Confession: I’m a big Mindy Kaling fangirl.
No, not because she’s pushing racial boundaries in Hollywood. No, not because she’s boldly speaking out for women’s rights. And no, not because she has wicked timing and delivery. I mean, yes, of course those are reasons, too. However, the reason I love her most is that she has the courage to say the needy, pitiful nonsense that goes through my head OUT LOUD.
One of her books is titled, “Is Everyone Hanging Out Without Me?” and I think that title is genius. The emotionally charged word EVERYONE strikes such a nerve — that looming, archetypal concept encompassing everyone BUT YOU.
If we’re honest, don’t we all have weak moments of thinking we might be missing out on some big secret to success, fun and happiness that EVERYONE has already figured out? And by Mindy Kaling actually saying it, doesn’t that insidious voice in our head get normalized and put in its place and quieted down so we can overcome it with logic?
It does. Go, Mindy. You go, girl.
This voice isn’t just reserved for our illustrious personal lives. It’s part of our professional lives, too. Like you, I’ve sat at conferences and flipped through thought leadership pieces and case studies on Big Data, omni-channel marketing, the new consumer decision journey, the advantage of first party data and every other marketing buzzword.
Let me summarize the findings — basically marketing is about to sit on its head and everything about this profession is getting ready to change.
I’m a career marketer, and I’ve been reading this stuff for years. The Mindy Kaling thought that always enters my head is, “has everyone figured out how to do this but me?” The marketing revolution is upon us, but my job is looking only slightly different. Am I going to get left behind?
Now I’m in a unique position. I’m a marketer who works for a data company so that gave me a pretty great reason to actually call “everybody” up (or at least a subset of everybody) and ask them where they were on this omni-channel, data-driven marketing revolution. I wanted to answer the question for us all, “Is everyone doing data without me?”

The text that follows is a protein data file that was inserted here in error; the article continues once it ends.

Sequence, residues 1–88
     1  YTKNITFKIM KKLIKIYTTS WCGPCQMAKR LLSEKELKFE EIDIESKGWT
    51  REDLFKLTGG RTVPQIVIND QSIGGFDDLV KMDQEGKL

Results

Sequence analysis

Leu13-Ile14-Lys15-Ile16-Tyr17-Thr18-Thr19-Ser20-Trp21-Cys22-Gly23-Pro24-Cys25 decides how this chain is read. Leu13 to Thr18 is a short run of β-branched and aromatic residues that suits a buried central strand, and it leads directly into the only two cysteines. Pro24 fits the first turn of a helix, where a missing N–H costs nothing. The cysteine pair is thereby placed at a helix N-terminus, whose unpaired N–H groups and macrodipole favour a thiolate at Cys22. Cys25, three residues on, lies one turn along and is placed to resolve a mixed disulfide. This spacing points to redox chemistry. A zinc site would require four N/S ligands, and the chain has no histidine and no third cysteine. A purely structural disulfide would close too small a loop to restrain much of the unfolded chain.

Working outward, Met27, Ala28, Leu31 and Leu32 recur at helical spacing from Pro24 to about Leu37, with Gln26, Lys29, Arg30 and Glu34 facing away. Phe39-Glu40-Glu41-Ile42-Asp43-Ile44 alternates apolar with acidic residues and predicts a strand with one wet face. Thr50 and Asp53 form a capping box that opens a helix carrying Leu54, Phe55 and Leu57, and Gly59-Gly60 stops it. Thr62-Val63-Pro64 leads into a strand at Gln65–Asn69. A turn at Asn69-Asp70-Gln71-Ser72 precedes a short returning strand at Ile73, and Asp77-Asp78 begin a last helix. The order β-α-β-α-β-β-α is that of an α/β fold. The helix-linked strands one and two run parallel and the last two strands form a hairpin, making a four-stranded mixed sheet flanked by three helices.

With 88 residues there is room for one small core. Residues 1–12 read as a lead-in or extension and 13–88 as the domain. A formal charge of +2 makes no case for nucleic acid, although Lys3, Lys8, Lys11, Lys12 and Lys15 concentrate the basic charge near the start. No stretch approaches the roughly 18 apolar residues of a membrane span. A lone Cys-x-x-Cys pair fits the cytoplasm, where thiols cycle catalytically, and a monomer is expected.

Here’s what I found after talking to 20 marketing leaders at both big and small B2B and B2C companies, analysts and thought leaders. I hope by sharing these findings it helps normalize your data journey, too.
Data is frusssssssstrating.
All 20 marketers said they find data challenging because it exists in silos across the company. Many firms had made the effort to start joining data from different systems, but it was never clean. Data was almost always partial or fields had unusual, unintuitive meanings that only the data-initiated in the company knew. Ultimately, when a marketer asks a very fundamental question across multiple data systems, he or she gets complicated, unclear and partial answers that he or she can only partially trust. A data-driven answer these days is more directional than exact. Getting the answers is onerous and resource-intensive and often requires a maddening fluency in firm-specific data dictionaries that will make you go cross-eyed. No one I spoke with reported a clean and easy experience with data.
Data isn’t the answer. The answers are the right questions.
I spoke to a couple lifelong marketing practitioners who coach Fortune 500s on how to get their data in order. They told me the same thing. Companies who jump on the jolly data train without a clear destination often wind up very far off course. The hardest part of a data strategy is figuring out what questions you need to answer and what you should ignore. What are the top-level, secondary and tertiary measures of success? How do you get those measures to be valid and reliable? Until you’ve answered that, you risk overwhelming your employees with reams of spreadsheets that don’t help them make decisions.